School Science Lessons
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Animal Kingdom
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Table of contents

1.0.0 Animal kingdom (animals)

See: Animals, (Commercial)

2.0 Animals (Primary)

1.0.1 Kingdom Protista (protists)

2.0 Phylum Protozoa (protozoans)

3.0 Phylum Porifera (sponges)

5.0 Phylum Coelenterata

6.0 Phylum Platyhelminthes (flatworms)

7.0 Phylum Nematoda (nematodes)

8.0 Phylum Annelida (segmented worms), annelids

9.0.0 Phylum Arthropoda (crustaceans, insects, spiders, mites)

15.0 Phylum Mollusca (molluscs)

17.0 Phylum Echinodermata (echinoderms)

18.0 Phylum Chordata (chordates)

19.0 Phylum Hemichordata (hemichordates)

20.0 Subphylum Urochordata (sea squirts, tunicates)

21.0 Subphylum Vertebrata (vertebrates)

24.0 Class Agnatha, Petromyzontida, jawless fish, lampreys

25.0 Class Chondrichthes, cartilaginous fish, elasmobranchs (sharks, dogfish, rays, stingrays)

See: Sharks, (Commercial)

26.0 Class Osteichthyes (Class Actinopterygii, ray-finned fish) (bony fish, "fish")

28.0 Class Sarcopterygii (Crossopterygii) (lobe-finned fish) (coelacanths)

30.0 Subclass Dipnoi (lungfishes)

32.0 Class Amphibia (amphibians) (frogs, toads, newts, salamanders

34.0 Class Reptilia (reptiles) (snakes, lizards, crocodiles, alligators, turtles, tortoises, tuataras)

36.0 Class Aves (birds)

39.0 Class Mammalia (mammals)

1.0.0 Animal kingdom
See: Animals, cells, cages, (Commercial)
2.0.0 Animal classification, Kingdom Animalia
2.0.1 Animals

2.0 Phylum Protozoa
See: Protozoa, (Commercial)
See diagram 9.3.35: Protozoa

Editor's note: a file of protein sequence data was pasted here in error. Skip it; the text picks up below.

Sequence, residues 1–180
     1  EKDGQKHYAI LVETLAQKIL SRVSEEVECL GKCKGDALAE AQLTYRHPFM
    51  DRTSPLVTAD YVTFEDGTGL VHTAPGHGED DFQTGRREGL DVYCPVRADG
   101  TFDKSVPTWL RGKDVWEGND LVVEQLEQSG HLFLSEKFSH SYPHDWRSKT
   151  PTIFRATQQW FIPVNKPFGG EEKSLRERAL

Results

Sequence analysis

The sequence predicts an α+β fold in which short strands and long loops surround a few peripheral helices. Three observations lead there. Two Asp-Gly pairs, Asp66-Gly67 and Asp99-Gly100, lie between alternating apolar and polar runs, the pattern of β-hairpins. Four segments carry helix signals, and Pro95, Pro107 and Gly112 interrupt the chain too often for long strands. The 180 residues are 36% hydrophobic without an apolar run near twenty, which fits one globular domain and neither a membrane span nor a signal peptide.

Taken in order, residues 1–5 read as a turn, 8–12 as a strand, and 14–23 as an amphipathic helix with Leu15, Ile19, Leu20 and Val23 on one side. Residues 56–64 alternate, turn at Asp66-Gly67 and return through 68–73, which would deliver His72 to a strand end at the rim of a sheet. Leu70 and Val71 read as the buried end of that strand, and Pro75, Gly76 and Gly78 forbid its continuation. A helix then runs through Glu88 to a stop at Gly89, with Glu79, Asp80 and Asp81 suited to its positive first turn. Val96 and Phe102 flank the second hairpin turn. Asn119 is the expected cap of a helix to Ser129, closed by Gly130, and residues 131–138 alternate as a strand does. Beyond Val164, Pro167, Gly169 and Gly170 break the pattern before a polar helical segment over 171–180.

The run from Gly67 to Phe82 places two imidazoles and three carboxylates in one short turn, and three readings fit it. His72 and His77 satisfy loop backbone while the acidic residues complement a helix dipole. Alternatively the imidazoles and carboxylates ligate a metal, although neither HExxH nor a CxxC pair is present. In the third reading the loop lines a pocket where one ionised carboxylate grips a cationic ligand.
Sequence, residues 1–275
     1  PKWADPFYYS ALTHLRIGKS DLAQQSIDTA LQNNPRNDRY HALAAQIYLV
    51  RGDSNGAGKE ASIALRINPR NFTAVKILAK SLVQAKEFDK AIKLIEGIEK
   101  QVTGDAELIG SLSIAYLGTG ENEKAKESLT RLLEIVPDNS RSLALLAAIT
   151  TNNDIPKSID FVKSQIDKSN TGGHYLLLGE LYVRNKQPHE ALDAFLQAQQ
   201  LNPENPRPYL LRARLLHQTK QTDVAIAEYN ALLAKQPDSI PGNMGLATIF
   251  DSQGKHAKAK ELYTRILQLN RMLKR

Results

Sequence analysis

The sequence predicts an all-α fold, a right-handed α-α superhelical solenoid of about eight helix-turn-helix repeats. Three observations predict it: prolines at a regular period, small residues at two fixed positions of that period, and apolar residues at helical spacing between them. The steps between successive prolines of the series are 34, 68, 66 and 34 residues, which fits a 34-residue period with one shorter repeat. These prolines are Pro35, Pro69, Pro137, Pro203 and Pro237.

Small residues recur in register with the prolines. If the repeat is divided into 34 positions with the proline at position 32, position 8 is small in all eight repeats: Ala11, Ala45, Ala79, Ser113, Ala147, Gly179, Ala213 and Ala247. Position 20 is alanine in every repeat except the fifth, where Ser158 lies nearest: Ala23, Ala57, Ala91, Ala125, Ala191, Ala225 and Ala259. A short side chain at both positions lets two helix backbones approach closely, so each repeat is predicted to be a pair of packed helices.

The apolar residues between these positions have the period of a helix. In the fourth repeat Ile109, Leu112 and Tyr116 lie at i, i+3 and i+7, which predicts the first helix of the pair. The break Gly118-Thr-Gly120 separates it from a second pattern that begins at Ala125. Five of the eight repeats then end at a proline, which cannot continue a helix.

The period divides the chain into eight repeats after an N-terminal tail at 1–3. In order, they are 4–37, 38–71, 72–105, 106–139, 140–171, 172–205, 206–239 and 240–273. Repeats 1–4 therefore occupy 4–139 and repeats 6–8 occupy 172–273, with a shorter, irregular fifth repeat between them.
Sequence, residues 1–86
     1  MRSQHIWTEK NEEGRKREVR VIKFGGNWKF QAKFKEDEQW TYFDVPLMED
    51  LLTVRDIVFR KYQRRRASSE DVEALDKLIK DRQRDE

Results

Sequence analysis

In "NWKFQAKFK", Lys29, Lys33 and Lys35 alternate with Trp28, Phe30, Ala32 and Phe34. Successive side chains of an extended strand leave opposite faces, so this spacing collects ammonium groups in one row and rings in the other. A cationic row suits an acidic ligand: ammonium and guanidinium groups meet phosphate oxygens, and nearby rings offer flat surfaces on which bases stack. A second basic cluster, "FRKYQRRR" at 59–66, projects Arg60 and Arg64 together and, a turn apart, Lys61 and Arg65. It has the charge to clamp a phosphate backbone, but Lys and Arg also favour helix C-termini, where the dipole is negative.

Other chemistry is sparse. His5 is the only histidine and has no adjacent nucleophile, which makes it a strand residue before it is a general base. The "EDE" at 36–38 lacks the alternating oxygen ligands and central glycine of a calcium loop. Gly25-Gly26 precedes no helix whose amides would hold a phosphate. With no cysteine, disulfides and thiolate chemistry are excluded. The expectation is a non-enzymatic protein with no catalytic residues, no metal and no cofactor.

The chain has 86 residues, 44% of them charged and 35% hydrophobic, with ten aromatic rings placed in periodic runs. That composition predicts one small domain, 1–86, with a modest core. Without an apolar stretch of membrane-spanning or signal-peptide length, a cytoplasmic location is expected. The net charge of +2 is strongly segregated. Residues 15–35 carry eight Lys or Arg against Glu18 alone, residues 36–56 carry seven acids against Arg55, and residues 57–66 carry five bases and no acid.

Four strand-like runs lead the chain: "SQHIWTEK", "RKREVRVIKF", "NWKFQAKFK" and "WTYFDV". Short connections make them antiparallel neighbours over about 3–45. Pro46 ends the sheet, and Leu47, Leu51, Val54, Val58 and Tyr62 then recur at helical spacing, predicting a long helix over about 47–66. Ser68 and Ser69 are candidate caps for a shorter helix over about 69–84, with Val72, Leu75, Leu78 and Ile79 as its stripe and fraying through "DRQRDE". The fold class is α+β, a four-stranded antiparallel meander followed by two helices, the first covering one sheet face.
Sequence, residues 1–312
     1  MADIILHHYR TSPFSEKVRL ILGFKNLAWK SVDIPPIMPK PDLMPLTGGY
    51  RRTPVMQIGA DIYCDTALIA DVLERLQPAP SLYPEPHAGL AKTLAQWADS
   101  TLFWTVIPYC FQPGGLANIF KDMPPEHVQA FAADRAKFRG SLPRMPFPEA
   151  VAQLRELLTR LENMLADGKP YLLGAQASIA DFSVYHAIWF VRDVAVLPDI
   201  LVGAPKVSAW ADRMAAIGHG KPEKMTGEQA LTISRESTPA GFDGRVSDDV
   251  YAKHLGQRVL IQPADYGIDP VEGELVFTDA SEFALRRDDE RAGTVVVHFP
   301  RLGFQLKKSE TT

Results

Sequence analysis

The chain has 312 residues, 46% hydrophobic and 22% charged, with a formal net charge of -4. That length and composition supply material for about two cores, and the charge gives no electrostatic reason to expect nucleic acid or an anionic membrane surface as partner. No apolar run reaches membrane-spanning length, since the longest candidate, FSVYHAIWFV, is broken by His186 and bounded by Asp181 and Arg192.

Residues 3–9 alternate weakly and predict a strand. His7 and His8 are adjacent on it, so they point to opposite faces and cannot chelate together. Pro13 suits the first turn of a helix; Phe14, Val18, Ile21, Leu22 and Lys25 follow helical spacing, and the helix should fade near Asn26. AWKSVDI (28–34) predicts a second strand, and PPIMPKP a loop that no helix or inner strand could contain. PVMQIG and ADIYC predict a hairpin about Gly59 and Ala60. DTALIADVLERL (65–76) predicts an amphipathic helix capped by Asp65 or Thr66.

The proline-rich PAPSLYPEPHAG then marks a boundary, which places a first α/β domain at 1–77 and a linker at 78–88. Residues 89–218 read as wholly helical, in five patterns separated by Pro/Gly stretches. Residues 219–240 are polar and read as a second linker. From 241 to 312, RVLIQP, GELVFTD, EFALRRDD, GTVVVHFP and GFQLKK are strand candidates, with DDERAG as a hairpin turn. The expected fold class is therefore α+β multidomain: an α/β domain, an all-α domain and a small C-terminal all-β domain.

9.1.1 Chlamydomonas, Sphaerella, (Haematococcus), green algae
2.1.0 Classification of protozoa
9.1.5 Closterium, desmid (Family Desmidiaceae)
9.0.16 Phylum Amoebozoa (Phylum Rhizopoda), Amoeba, Entamoeba
9.0.8 Phylum Ciliophora, ciliates (have cilia), Paramecium
9.0.9 Phylum Euglenozoa, Euglena
9.37.4 Protozoan diseases
9.35 Succession in a pond community, hay infusion cultures, Amoeba, Chlamydomonas, Paramecium

5.0 Phylum Coelenterata (Phylum Ctenophora, comb jellies, Phylum Cnidaria, jellyfish, sea anemones)
See: Coral, (Commercial)
See: Jellyfish, (Commercial)
5.1.0 Classification of Coelenterata

6.0 Phylum Platyhelminthes, flatworms, flukes and tapeworms
See: Worms, platyhelminth, tapeworm, (Commercial)
6.0 Phylum Platyhelminthes (flatworms), (classification)
6.1.0 Classification of Platyhelminthes
9.36 Flatworms, Dugesia, Planaria
9.37.2 Fluke / trematode diseases, Class Trematoda
9.37.5 Tapeworm diseases, Class Cestoda

7.0 Phylum Nematoda (nematodes, roundworms, pinworms, threadworms, hookworms)
See: Worms, nematode, (Commercial)
See: Nematodes, (Commercial)
See diagram 9.37.9: Rhabditis mature female
9.37.3 Nematode diseases
13.1 Banana root nematode, Radopholus similis

8.0 Phylum Annelida (segmented worms), annelids
See: Worms, earthworm, (Commercial)